The national historic landmark recently installed solar power in a way that doesn’t change the island’s authenticity but does shrink its carbon footprint.
It’s safe to say that Al Capone never saw a solar panel. The solar cell was first patented in 1946, more than a decade after Capone was indicted for income tax evasion. During his nearly seven-year imprisonment, he spent five of those years at Alcatraz, a federal prison at the time. Eighty years later, Alcatraz Island is a popular tourist destination known for its historical integrity.
So the National Park Service (NPS) doesn’t want tourists to Alcatraz to see solar panels either — just as Capone didn’t. It would ruin the historical experience. When people visit historical sites, they want to experience them as they were seen during a significant point in history — not as a modernized version of the past.
That’s why, even though Alcatraz is now home to a 307-kW solar power system, visitors probably won’t notice. But the NPS will notice — 60 percent of its annual electricity needs at Alcatraz will be generated by the system and nearly 700,000 lbs of carbon dioxide emissions will be eliminated each year.
“For the National Park Service, one of our overall missions is to protect and preserve for future generations,” says Alexandra Picavet, spokesperson for the Golden Gate National Recreation Area (GGNRA), a rec area administered by the NPS that surrounds the San Francisco Bay area. “One of the large-scale ways that the National Park Service is trying to do that is to lower its carbon footprint on the areas that we exist. Alcatraz is one of the largest carbon footprints that the Golden Gate National Recreation Area has and the National Park Service has on the West Coast.”
Alcatraz Island is completely cut off from the mainland. No electrical or water lines connect the 22-acre land mass to San Francisco. Diesel fuel for electric generators is ferried to the island (previously up to 2,000 gal each week), and garbage and sewage is carried back. These inefficiencies led the NPS and GGNRA to turn to renewable energy for help providing electricity to Alcatraz and its 1.4 million visitors each year.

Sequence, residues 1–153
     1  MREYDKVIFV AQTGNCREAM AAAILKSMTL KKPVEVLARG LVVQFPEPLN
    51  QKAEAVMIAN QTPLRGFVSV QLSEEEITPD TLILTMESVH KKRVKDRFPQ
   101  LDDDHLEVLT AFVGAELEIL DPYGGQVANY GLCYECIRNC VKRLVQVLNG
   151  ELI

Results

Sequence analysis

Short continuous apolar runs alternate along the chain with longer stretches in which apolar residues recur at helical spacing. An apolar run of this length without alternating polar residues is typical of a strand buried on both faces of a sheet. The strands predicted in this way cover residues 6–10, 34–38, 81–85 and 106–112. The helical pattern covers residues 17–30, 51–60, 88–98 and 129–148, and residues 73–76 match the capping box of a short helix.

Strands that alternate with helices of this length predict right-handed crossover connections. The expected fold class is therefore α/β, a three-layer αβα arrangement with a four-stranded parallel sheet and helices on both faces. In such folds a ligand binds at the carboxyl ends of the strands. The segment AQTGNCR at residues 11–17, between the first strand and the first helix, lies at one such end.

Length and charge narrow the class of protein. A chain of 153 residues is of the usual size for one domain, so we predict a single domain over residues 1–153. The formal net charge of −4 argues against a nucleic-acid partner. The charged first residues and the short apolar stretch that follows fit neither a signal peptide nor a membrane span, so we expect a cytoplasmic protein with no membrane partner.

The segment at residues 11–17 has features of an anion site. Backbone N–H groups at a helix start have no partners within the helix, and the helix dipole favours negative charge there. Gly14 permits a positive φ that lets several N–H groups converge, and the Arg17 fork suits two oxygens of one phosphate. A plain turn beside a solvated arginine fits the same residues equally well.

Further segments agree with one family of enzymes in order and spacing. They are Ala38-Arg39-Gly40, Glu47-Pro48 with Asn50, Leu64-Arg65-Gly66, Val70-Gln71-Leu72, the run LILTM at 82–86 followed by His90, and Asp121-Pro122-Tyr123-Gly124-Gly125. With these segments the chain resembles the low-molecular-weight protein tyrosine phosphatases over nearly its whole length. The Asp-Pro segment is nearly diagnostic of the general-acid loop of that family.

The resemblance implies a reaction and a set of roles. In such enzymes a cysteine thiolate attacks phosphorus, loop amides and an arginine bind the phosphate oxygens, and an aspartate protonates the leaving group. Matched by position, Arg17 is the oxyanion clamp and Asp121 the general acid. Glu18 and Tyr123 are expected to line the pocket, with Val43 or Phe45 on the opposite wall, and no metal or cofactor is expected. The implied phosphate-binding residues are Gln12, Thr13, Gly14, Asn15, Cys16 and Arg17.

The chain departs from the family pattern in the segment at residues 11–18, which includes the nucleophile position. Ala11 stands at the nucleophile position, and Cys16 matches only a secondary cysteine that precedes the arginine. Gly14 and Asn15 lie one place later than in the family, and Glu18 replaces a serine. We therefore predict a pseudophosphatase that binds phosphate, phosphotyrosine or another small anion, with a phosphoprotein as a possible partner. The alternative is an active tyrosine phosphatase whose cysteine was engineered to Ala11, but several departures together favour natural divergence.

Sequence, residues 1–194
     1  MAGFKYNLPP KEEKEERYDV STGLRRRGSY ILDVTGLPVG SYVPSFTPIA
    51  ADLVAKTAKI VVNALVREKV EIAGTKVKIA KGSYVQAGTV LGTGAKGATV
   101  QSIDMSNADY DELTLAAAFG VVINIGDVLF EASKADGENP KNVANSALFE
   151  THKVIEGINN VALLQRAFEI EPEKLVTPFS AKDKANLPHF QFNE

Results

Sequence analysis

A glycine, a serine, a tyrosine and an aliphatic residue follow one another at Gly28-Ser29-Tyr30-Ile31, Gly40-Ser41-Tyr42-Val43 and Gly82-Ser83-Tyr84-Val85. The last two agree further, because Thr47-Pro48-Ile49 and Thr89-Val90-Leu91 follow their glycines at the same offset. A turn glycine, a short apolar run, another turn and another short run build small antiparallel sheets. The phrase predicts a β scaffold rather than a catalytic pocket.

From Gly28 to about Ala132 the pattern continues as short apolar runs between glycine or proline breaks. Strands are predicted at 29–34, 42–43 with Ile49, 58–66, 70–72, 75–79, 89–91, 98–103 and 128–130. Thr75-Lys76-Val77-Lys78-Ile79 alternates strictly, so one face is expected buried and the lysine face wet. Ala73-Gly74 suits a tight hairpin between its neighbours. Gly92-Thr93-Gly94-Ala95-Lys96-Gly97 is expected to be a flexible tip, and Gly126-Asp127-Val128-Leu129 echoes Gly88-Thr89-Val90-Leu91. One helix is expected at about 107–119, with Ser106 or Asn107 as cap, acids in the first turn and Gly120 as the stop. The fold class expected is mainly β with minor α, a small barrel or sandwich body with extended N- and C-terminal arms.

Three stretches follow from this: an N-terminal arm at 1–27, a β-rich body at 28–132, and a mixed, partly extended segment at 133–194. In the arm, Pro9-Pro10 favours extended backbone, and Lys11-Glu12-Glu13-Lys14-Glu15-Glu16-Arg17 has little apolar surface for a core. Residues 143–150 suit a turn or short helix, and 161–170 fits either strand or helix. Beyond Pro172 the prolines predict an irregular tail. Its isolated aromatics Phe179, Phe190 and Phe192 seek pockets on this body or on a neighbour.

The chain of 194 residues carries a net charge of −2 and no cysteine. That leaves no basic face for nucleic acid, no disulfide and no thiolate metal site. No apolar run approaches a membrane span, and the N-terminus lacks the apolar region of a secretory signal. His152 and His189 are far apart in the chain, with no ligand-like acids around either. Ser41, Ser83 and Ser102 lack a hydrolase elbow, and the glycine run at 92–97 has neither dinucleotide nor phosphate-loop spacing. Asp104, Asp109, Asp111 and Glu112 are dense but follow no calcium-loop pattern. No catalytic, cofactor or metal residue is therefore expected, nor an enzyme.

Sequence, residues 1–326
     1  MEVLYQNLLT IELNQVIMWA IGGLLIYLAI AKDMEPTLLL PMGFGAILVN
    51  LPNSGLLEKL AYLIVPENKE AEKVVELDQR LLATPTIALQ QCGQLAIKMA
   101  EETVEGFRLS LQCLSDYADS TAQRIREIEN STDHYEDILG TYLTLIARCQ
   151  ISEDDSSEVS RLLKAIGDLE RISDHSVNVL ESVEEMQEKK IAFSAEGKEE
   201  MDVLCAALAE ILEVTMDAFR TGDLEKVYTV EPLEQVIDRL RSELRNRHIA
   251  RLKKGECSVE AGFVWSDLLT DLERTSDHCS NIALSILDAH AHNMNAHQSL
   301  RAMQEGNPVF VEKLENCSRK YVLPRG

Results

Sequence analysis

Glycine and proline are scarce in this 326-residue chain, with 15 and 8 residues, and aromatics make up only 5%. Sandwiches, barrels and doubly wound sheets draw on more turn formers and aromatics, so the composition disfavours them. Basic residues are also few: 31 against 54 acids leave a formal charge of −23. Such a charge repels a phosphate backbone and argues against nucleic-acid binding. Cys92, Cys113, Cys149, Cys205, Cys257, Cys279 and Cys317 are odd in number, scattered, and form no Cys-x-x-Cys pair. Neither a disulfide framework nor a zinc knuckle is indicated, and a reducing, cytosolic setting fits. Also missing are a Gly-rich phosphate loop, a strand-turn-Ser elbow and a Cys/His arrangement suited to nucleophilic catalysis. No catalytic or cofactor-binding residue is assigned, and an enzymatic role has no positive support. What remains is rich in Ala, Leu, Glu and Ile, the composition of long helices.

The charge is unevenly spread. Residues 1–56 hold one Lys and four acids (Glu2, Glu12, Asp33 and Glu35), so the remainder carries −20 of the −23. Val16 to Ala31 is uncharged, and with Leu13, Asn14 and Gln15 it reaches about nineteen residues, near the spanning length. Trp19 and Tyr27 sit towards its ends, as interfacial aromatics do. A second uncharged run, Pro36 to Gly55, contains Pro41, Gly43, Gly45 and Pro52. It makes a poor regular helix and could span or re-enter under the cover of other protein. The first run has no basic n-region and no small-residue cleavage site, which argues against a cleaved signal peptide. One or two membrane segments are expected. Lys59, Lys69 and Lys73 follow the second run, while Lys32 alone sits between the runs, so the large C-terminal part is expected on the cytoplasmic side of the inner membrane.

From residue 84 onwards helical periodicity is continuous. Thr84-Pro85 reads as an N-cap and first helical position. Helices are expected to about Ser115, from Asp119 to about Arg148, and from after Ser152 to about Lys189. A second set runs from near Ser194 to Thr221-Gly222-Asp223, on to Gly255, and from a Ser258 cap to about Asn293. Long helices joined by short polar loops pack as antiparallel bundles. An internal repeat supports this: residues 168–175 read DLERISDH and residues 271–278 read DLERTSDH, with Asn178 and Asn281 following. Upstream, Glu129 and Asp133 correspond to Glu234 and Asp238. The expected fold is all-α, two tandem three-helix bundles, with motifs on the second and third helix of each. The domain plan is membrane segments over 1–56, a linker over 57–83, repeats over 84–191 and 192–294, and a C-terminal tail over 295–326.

“Solar was the best options for a lot of reasons. It could be tucked into the historic structures in such a way that it didn’t become a dominate feature of the island like wind [power] would,” Picavet says. “We worked with the State Historic Preservation Office (SHPO) — who helps manage all historic landmarks in California to be sure that they’re not being altered in a major way — to find the best solution, and that was to put a very large solar array on the roof of the cell house, which is the highest point on the island except for the lighthouse.”
Bay neighbors SunLink Corp. were called in to work on special mounting systems for the unique project. Ignoring the challenge of keeping the panels out of sight of visitors, an even larger obstacle to tackle was San Francisco Bay’s demanding environment. SunLink CEO Chris Tilley says the area is windy and salty, and solar power installations don’t really like those things.